July 1, 2021
Most comedians traffic in foolishness. It’s woven so tightly into the fabric of what we do we don’t think twice about it. When one of the touchstones of your art form is slipping on a banana peel, a body losing control unexpectedly with arms akimbo, looking foolish is part of the job description. We’re game for anything if it will bring a smile to your face. Given this unique character trait, we often hang out together, which means we can lose any sense that this is an unusual way to go through life. As Laughter On Call has expanded around the world working with all kinds of companies and healthcare communities we have learned that what is all in a day’s work for us can be terrifying to civilians. If you’re a comedy layperson and find the idea of bringing laughter to the office scarier than doing a TED talk naked, allow me to spend a few minutes putting your mind at ease. Here are the top three myths about introducing laughter at work and how to bust them.
• “Making jokes at work will make me look foolish and lower my status!”
On the contrary, in an article in the Harvard Business Review entitled, Sarcasm, Self-Deprecation, and Inside Jokes: A User’s Guide to Humor at Work Brad Bitterly and Alison Wood Brooks report that “Humor not only helps individuals ascend to positions of authority but also helps them lead more effectively once they are there.” Theirs and other studies have proven that people who use appropriate humor are perceived as more confident and competent, not less!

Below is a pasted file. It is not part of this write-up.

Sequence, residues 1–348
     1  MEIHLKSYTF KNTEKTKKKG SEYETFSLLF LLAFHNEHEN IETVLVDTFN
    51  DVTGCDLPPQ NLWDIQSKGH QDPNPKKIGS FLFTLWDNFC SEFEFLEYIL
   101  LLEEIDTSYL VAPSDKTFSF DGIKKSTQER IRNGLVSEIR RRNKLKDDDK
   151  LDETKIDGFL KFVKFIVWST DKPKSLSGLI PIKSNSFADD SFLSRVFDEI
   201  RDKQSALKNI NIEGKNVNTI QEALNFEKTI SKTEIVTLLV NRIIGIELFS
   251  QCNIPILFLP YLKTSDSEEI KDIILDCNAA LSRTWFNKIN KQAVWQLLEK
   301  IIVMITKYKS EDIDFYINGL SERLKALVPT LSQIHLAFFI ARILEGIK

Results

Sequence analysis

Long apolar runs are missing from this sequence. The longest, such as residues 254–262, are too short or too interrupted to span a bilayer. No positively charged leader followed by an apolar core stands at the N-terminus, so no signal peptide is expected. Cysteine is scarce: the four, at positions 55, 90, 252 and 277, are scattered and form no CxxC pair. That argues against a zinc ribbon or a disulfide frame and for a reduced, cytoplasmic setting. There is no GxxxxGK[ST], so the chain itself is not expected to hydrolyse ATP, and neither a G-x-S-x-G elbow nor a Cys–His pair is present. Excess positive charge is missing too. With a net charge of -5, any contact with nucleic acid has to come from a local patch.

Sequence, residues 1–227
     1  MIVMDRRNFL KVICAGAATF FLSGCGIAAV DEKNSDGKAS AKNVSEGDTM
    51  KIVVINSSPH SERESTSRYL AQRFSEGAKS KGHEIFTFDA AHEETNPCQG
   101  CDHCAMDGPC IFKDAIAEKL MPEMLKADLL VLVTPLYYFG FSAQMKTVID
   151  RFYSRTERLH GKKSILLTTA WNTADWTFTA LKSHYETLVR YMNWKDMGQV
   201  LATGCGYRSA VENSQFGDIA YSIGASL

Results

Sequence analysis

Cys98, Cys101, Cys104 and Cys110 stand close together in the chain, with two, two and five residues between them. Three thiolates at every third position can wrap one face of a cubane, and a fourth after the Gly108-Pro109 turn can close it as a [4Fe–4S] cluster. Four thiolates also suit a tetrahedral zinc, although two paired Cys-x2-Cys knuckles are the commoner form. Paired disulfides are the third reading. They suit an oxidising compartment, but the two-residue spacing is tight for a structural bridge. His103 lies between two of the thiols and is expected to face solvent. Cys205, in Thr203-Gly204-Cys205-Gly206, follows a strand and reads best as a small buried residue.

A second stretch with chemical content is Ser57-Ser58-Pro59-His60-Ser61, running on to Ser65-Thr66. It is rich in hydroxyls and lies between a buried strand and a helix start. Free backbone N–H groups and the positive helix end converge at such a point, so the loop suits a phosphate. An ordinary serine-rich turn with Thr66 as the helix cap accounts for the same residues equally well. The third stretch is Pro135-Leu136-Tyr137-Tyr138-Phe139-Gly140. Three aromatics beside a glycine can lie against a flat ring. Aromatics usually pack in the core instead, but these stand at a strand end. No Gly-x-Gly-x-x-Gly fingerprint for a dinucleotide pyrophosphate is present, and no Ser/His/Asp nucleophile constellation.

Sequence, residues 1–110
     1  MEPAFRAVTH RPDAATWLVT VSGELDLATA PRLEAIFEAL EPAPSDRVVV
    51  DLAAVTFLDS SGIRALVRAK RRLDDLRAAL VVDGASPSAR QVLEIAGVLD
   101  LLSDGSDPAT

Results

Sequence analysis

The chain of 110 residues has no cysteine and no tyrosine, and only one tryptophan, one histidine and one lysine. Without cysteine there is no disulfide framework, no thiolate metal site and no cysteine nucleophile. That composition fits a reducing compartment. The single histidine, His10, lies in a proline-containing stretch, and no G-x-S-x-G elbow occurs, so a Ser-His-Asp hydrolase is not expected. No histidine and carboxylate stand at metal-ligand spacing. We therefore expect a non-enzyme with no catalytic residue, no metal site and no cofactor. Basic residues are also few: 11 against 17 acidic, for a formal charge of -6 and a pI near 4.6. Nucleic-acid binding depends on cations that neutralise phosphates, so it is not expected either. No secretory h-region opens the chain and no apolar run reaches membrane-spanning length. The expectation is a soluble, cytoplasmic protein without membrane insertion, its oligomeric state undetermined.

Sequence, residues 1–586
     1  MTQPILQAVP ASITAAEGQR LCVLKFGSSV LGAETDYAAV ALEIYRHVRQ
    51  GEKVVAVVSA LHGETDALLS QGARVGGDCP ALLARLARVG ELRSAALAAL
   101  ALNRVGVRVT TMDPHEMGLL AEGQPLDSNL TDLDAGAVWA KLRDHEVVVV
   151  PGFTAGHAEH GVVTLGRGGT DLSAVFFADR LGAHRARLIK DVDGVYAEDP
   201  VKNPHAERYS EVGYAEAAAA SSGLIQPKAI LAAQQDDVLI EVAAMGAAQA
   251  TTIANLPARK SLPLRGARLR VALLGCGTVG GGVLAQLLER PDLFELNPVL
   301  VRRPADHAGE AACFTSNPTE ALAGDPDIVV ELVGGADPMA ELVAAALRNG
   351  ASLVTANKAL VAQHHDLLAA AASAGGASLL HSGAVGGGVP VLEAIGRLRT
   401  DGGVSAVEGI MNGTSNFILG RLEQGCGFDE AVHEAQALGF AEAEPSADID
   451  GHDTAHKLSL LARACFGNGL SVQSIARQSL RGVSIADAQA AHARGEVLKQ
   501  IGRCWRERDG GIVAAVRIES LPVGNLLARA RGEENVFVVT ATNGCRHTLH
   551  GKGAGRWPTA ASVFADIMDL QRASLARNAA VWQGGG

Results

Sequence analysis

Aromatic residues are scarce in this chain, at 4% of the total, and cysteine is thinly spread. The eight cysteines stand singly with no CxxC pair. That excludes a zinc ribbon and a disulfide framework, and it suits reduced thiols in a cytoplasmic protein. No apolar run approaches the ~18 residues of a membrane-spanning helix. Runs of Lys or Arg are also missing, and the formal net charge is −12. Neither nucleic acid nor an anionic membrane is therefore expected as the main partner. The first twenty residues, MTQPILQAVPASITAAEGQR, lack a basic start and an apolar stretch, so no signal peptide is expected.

• “Making jokes is wasting time.”
Wasting time…or creating connection? Much has been reported this past year about people starving for human interaction. In a virtual world, all the “weak ties” of office life, the water cooler moments, have been stripped away taking a toll on employees’ mental health and feelings of belonging. Allowing for a few extra minutes to share a joke or a personal foible with a sense of humor is worth everyone’s time because it reminds us we’re human beings. As the great comedian Victor Borge is often quoted, “The shortest distance between two people is laughter.” Even on ZOOM. Or Microsoft Teams. Or Blue Jeans.
• “I’d make jokes, but I don’t want to offend someone.”
A legitimate concern to which my first response is, yes, no scatological jokes at the office. Save the double entendres with innuendo for your dating profile. In terms of avoiding other offenses, at Laughter On Call we’re big on “affiliative humor,” an unfortunately not funny phrase.  But using it does make people laugh and helps bring people together. It’s non-confrontational kind of joking, so no sarcasm no controversial subjects. Or as I often joke, nothing Seth MacFarland would say. Another inoffensive way to bring levity to a situation with no harm to others is by using self-deprecation. The key to this in business is to apply it in moderation and never in reference to the skill you’re being paid to do!